While this might shock Christian readers, the NT authors do claim that slaves should be submissive. For instance, Paul writes, “Slaves, in all things obey those who are your masters on earth” (Col. 3:22; 1 Tim. 6:1; Titus 2:9; Eph. 6:5). Likewise, Peter writes, “Servants, be submissive to your masters with all respect, not only to those who are good and gentle, but also to those who are unreasonable” (1 Pet. 2:18). How should believers understand these passages, and why do the NT authors seem to be passive in regards to slavery?

How should we interpret the commands for slaves to submit to their masters?

Whenever we interpret any text, we should try to understand the historical and cultural backdrop in which it was written. For instance, when Mark Twain wrote Huckleberry Finn, it was considered controversial, because it advocated friendship between a black man and white boy. However, because the book uses the N-word in the book, today Huck Finn is considered to be a racist book by many public schools! In the same way, we need to interpret Paul’s commands in light of his first century context.

Slavery was an unquestioned institution in the first century

In the Roman Empire, roughly half of the people were slaves,[12] and chattel (i.e. “property”) slavery was an unquestioned institution. W.L. Westermann writes,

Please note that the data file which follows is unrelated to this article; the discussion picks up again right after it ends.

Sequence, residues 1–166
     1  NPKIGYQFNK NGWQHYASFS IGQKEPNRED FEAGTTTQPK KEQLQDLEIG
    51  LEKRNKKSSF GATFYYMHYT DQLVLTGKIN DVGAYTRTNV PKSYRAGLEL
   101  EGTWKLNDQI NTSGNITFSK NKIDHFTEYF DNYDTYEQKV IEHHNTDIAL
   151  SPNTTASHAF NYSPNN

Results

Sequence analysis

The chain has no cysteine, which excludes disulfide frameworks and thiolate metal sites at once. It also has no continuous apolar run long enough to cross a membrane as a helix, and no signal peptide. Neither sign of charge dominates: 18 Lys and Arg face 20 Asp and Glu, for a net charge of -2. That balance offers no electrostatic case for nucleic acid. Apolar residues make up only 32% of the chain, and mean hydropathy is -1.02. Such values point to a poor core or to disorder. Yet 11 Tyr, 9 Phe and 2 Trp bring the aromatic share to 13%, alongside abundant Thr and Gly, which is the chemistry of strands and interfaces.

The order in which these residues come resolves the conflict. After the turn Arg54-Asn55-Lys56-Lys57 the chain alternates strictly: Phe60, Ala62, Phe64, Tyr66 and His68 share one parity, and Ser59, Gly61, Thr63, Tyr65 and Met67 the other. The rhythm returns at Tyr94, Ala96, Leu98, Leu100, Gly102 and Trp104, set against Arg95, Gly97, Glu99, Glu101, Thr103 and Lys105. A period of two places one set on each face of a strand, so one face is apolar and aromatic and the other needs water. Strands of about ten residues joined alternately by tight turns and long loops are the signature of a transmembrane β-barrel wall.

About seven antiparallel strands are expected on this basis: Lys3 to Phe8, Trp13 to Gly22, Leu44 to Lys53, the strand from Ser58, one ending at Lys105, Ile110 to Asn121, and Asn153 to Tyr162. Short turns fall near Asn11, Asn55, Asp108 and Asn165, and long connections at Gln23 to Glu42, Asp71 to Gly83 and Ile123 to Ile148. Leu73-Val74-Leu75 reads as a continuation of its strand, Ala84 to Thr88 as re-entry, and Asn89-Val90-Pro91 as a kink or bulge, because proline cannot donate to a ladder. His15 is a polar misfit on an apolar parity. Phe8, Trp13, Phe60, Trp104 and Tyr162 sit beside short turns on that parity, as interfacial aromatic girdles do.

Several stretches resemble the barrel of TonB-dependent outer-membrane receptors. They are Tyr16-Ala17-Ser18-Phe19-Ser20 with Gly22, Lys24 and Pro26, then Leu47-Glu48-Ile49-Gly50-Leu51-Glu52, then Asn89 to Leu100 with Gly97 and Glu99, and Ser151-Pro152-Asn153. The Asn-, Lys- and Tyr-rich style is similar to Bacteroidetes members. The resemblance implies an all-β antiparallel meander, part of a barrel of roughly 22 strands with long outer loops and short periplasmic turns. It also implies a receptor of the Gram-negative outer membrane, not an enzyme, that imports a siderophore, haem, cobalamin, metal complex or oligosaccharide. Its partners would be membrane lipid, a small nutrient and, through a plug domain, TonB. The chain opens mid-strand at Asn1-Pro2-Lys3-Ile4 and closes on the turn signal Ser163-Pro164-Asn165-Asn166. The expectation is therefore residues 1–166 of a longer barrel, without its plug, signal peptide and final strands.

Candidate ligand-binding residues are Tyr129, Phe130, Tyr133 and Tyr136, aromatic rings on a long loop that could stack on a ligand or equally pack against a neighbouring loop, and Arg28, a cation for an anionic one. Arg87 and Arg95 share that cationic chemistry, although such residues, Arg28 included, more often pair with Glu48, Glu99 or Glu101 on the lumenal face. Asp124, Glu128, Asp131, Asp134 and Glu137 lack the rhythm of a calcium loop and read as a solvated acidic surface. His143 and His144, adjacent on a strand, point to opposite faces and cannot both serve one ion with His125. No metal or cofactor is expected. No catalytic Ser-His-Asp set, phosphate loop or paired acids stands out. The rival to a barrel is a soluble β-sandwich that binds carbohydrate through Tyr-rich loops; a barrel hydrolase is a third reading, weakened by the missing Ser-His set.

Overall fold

The institution of slavery was a fact of Mediterranean economic life so completely accepted as a part of the labour structure of the time that one cannot correctly speak of the slave “problem” in antiquity. This unquestioning acceptance of the slave system explains why Plato in his plan of the good life as depicted in The Republic did not need to mention the slave class. It was simply there.[13]

The fourth century BC philosopher Aristotle wrote of slaves as subhuman. If one could hold an inferior in slavery, it only made rational sense to do so. He writes,

[Slaves] are as different as the soul from the body or man from beast—and they are in this state if their work is the use of the body, and if this is the best that can come from them—are slaves by nature… For he is a slave by nature who is capable of belonging to another—which is also why he belongs to another—and who participates in reason only to the extent of perceiving it, but does not have it. (Aristotle, Politics, 1254b)

Diogenes Laertius (3rd century BC) writes,

They say that he was once scourging a slave whom he had detected in theft; and when he said to him, ‘It was fated that I should steal;’ he rejoined, ‘Yes, and that you should be beaten.’[14]